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Social Epidemiologist Lisa Berkman Named to Direct Harvard Center for Population and Development Studies


Social epidemiologist Lisa Berkman has been appointed director of the Harvard Center for Population and Development Studies, Harvard Provost Steven E. Hyman announced today.

“I am extremely pleased that Professor Berkman has accepted the position,” said Hyman. “She brings both expertise in population-based research and a long history of collaborative activities that will serve to reinvigorate the center, expand the breadth of its work, and involve faculty and students from across the University.”

Lisa Berkman (berkmanpressrelease.jpg) Berkman, the Thomas Cabot Professor of Public Policy and of Epidemiology at the Harvard School of Public Health (HSPH), is currently chair of the school’s Department of Society, Human Development and Health. Recognized for her groundbreaking work in the field of social epidemiology, she is noted for identifying the effects of social networks on mortality risks that helped define the field in the late 1970s. She has also broadened the field with her investigations of how social conditions related to inequality, race, ethnicity, and social isolation influence health and aging.

“Lisa is a creative and dynamic leader with the rare gift of being able to engage with members in almost every faculty in the University and bringing together people and ideas from the biological sciences, social sciences, and humanities,” said Dean Barry R. Bloom of the Harvard School of Public Health, which administers the center.

“This is an exciting time for the Population Center,” said Berkman. “Population and development is now a dynamic field embracing many disciplines including demography, epidemiology, and a host of social sciences. The field has lately begun to demonstrate a great capacity to identify and understand the causal processes shaping the health and well-being of populations. Determinants of population health include social, physical, and biological environments as well as health systems and political systems. Issues of migration will also be central to the mission of the center.”

Similar to the development of neuroscience decades ago or of systems biology more recently, scientists interested in population dynamics and health are rapidly developing innovative approaches that integrate several scientific fields.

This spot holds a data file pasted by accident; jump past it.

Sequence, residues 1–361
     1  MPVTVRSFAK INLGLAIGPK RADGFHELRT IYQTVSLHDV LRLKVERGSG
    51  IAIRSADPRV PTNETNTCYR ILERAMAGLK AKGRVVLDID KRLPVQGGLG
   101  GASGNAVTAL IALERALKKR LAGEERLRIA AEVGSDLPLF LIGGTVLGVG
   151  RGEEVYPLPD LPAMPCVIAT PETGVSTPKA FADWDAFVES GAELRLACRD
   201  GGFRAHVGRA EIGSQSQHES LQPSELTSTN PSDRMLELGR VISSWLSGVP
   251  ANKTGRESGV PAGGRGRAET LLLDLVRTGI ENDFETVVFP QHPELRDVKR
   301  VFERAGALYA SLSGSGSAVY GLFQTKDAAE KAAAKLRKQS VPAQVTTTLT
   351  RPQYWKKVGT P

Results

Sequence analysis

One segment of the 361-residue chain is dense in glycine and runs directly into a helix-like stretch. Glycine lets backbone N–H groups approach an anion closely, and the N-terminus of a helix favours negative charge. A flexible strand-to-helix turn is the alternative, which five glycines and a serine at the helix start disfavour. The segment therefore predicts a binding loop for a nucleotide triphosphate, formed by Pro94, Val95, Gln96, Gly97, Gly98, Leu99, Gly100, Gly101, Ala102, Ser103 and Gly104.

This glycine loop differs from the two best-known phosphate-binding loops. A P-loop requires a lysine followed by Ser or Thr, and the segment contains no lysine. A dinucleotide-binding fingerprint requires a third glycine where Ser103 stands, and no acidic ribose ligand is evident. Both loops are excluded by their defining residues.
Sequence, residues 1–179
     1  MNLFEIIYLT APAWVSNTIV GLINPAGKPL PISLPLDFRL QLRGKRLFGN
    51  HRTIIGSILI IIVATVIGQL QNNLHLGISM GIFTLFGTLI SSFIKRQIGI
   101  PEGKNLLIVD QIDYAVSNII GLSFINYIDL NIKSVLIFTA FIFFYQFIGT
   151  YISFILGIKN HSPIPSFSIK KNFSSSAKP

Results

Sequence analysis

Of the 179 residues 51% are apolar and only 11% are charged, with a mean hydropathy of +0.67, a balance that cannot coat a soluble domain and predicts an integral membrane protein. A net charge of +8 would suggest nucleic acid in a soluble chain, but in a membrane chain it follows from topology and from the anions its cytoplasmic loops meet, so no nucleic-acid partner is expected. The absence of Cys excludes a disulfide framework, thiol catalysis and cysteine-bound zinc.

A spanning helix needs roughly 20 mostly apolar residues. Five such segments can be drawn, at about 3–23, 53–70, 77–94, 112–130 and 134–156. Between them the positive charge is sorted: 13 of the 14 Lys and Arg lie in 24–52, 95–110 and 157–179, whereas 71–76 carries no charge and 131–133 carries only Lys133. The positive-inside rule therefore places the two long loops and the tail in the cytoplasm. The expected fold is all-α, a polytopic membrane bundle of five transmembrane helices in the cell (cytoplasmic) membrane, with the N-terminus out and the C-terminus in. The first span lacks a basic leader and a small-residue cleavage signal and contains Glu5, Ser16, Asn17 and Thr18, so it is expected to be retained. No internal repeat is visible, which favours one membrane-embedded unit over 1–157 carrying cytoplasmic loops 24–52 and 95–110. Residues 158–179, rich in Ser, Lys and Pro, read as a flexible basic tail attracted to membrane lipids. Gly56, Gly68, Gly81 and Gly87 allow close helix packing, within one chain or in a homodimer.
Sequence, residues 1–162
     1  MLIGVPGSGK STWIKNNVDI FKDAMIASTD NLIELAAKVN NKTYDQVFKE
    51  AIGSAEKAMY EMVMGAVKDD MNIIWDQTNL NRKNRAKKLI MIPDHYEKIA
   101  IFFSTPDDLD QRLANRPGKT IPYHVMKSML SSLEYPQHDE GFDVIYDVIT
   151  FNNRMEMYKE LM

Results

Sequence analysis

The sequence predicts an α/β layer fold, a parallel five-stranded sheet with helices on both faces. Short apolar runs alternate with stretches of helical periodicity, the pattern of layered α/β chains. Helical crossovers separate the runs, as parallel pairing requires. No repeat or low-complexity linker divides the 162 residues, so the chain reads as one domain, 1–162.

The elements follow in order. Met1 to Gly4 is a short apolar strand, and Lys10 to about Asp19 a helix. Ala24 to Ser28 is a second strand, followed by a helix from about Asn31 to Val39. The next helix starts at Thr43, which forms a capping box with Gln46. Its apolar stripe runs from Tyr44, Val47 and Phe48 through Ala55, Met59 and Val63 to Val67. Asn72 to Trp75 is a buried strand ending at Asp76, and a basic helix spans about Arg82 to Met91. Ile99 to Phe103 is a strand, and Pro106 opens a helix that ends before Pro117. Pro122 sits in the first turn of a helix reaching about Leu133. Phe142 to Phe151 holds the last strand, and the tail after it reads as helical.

“A nascent science of population health is being born,” Berkman noted. “These new analytic approaches will reveal ways to intervene and reduce inequalities in health and well-being within and across countries. We expect the Harvard Center for Population and Development Studies to be at the center of this new discipline that could have a transforming impact on global health and quality of life.”

Although the appointment is effective immediately, Berkman will continue to direct the Department of Society, Human Development and Health until the end of the academic year while a search is conducted for her successor.

Before coming to HSPH in 1995 to head what was then the Department of Health and Social Behavior, Berkman was head of the department of chronic disease epidemiology at Yale School of Medicine.

A graduate of Northwestern University, Berkman received her master’s (1975) and doctorate (1977) in epidemiology from the University of California, Berkeley. She joined the Yale faculty in 1979 as an assistant professor.

Berkman is currently a member of the Institute of Medicine and serves as chair of the Board of Scientific Counselors of the National Institute on Aging of the National Institutes of Health. She is a past president of the Society for Epidemiologic Research.

The Harvard Center for Population and Development Studies was founded in 1964. It is an independent, University-wide center that draws its faculty from many individual Schools across Harvard University and also welcomes visiting faculty. The center is administered by the School of Public Health and reports to the Office of the Provost. For more information on the center, see its Web site:


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